Have you ever referred a client to a trusted attorney? The attorney’s initial response is almost always the same: “Thank you very much, I appreciate the referral but I will need to run a conflict check before I can proceed.” Our legal system mandates that attorneys identify and disclose any conflicting interests they, or their law firm, may have between clients. Attorneys have a fiduciary relationship with their clients. They can find themselves in serious legal trouble by failing to research and disclose conflicts of interest.
Real estate agents also owe a fiduciary obligation to their clients. However, unlike the attorney example, their first reaction at the prospect of a new client is not to research a conflict check. They appreciate the referral, sometimes pay a referral fee, and move on to consummate the transaction and collect a commission. Often, there is no discussion surrounding the serious conflicting interests that occur when real estate brokerages represent both landlords and tenants
“Currently most commercial real estate firms, including the large national organizations, represent both landlords and tenants. They are referred to as dual-agency firms,” says Robert Chavez, founder and CEO of Guardian Commercial Realty. “While these firms actively market their services to tenants, the majority of their representation and upwards of 80 percent of their revenues come from landlord representation. This equates to billions of dollars annually. One has to wonder how a dual-agency firm can offer the highest standard of duty implied by law to both landlords and tenants — or sellers and buyers — when the interests of landlords and tenants are so diametrically opposed and such an enormous economic bias lies with the property owner.”
Smart Business learned more form Chavez about how tenants can find a real estate agent that will act with their best interests at heart.
Why the difference in behavior between the legal and brokerage communities regarding conflicts of interest?
Let’s start with the roots. Commercial real estate brokerage was founded in the late 1800s to facilitate property owners with the sale and leasing of buildings, property management, and other advisory services tailored to the property owner or landlord. The higher the lease rate or sales price, the higher the commission — so this relationship has worked very well for both the landlord and its broker over the years. Obviously the scenario does not bode so well for tenants and buyers.
How does this create a problem for tenants selecting a broker?
On one hand, dual agency firms pledge to property owners that they will negotiate and secure the highest rental rate or sales price with minimal concessions to a tenant or buyer. On the other hand, the same firm pledges to a tenant or buyer that it will negotiate the lowest possible rent or sales price and highest concession packages. This is just the tip of the iceberg, as there is much to negotiate with regard to mitigating risk, operating expenses, tax responsibilities, etc. Given the standard of care mandated by a fiduciary relationship, it is surprising that this scenario even exists.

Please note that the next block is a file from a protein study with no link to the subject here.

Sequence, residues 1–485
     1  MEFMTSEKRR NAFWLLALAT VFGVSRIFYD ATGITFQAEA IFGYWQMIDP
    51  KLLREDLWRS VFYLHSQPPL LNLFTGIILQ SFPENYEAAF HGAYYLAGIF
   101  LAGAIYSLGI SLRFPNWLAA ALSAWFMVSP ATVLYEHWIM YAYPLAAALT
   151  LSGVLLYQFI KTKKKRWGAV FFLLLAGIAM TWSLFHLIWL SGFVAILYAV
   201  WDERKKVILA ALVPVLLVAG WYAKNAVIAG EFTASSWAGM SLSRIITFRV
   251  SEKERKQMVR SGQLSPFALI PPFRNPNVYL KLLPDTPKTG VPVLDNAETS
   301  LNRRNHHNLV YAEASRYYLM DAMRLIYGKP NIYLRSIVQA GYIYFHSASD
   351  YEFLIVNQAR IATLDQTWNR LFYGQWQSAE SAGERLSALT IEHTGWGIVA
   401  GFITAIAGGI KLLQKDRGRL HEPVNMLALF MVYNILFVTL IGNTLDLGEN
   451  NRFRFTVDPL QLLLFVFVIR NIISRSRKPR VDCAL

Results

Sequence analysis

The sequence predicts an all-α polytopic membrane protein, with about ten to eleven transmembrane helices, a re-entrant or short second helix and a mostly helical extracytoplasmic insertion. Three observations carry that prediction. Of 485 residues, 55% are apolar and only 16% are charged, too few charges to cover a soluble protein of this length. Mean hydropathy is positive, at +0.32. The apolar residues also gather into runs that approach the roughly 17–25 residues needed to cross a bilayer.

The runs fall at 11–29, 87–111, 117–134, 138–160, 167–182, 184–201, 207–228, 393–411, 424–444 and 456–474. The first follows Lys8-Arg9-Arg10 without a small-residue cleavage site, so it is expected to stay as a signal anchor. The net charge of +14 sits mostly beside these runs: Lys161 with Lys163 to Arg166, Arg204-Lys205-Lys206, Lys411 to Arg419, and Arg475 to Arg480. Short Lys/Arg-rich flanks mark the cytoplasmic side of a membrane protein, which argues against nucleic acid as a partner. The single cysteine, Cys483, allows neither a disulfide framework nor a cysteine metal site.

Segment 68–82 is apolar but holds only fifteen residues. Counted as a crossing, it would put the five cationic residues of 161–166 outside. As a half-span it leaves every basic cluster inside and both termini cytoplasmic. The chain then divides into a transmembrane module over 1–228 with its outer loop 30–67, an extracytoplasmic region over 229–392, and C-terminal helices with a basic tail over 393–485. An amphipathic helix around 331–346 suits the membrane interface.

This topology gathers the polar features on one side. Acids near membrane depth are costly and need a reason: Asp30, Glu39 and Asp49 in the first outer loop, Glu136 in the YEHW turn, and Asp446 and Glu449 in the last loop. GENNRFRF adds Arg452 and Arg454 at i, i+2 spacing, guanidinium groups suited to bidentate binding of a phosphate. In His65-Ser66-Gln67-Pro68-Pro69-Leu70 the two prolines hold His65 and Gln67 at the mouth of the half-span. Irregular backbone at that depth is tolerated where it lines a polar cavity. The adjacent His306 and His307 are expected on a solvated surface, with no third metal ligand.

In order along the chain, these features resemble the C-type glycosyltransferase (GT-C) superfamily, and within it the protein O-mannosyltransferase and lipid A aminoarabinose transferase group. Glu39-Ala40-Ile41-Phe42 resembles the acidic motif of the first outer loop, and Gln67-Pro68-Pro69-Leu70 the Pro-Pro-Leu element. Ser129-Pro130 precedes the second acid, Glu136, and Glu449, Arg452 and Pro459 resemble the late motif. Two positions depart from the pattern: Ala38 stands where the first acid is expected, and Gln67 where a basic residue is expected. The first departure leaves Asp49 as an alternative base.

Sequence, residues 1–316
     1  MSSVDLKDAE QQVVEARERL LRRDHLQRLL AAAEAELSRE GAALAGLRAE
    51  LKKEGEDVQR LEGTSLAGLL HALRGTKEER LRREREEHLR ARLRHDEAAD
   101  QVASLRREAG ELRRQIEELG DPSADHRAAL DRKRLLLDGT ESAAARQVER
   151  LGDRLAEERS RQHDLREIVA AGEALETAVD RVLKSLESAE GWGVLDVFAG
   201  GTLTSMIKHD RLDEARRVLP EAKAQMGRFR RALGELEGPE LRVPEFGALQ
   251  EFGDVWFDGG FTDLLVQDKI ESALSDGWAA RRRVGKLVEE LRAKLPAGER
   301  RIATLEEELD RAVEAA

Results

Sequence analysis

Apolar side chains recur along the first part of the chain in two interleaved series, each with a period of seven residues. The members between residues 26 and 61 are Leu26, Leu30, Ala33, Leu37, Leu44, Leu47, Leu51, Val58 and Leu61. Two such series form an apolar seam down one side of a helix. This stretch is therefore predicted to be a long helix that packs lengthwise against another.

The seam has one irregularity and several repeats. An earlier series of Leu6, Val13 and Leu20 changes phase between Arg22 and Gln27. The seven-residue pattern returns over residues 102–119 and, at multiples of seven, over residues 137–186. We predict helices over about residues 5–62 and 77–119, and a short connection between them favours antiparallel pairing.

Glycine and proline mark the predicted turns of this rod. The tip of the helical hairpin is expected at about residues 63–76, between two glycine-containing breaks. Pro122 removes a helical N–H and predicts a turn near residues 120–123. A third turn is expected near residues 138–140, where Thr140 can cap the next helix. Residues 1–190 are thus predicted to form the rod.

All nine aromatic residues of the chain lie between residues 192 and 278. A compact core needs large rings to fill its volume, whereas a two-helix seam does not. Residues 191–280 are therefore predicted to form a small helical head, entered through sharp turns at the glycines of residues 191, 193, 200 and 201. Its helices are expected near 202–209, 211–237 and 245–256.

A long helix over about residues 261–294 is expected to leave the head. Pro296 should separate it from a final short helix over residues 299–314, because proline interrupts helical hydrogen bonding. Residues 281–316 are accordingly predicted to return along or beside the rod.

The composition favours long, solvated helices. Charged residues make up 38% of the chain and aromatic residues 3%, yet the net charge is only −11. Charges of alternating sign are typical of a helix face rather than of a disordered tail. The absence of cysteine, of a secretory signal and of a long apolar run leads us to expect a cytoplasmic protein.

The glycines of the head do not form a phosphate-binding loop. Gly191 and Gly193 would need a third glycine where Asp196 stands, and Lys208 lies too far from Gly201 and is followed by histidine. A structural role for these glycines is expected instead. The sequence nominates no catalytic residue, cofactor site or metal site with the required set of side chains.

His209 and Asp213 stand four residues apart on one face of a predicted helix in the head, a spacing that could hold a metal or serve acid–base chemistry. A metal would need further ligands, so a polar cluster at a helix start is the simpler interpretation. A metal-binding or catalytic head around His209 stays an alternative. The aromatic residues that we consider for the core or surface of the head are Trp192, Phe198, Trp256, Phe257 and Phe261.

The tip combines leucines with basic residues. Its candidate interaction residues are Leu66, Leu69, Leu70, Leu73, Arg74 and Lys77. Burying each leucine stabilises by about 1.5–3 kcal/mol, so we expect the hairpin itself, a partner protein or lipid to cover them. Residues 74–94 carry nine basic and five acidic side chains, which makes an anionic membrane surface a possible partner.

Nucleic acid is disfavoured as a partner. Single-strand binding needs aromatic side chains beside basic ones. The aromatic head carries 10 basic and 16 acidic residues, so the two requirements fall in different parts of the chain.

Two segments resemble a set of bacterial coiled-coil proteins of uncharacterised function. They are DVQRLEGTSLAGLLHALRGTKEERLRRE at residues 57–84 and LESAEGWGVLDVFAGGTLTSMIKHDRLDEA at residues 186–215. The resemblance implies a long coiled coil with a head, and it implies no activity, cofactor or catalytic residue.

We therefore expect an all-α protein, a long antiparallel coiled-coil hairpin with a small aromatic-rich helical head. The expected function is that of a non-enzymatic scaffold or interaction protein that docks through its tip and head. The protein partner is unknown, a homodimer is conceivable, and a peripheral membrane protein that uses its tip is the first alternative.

Add to the mix that the nation’s largest dual agency firms are publicly traded. They are under tremendous pressure from Wall Street to show profits. When they do not, stock values generally plummet. Many of the agents also have retirement savings tied to the value of their companies stock. Now consider that much of the firms’ revenue come from commissions, and commissions are only paid once transactions culminate. This creates an environment where an agent can be pressured to conclude a transaction before negotiations have matured. Not exactly what the framers of fiduciary duty had in mind.
Do these dual agency firms acknowledge the conflict of interest?
The dual agency firms are certainly aware of this potential for conflict. One firm has even published in its annual report that ‘the failure or inability of the Firm to identify, disclose and resolve potential conflicts of interest in a significant situation could have a material adverse effect.’ Dual agency firms claim to compartmentalize their practice groups so as to act independently and avoid or minimize conflicts. Notwithstanding, their profits all flow to the same corporate entity for review and consideration by Wall Street.
So how does a commercial tenant or buyer of commercial real estate seeking expert assistance select a broker that will represent its best interests?
Real estate contracts are among the most expensive and long-term commitments most tenants will ever make. One mistake in this arena can cripple an organization for many years to come. Fortunately for the tenant or buyer, commercial brokerage firms known as ‘exclusive tenant brokerages’ have evolved. These firms distinguish themselves from their industry counterparts by electing not to lease, manage or own commercial real estate. True tenant brokerages only represent parties seeking to lease or purchase real estate for their own use. They develop specialty practices and focus their scope of services toward representing their clients’ best interest and never wear two hats.
Astute tenants take their diligence a step further and make certain to interview several tenant brokerages. They are boutique entities with many subtle and material differences. It is important to understand their area of expertise and know if the broker working on your account has the experience and time to professionally service your specific needs.
Robert Chavez is the founder and CEO of Guardian Commercial Realty. Reach him at Robert.Chavez@GuardianUSA.net or (310) 882-2060.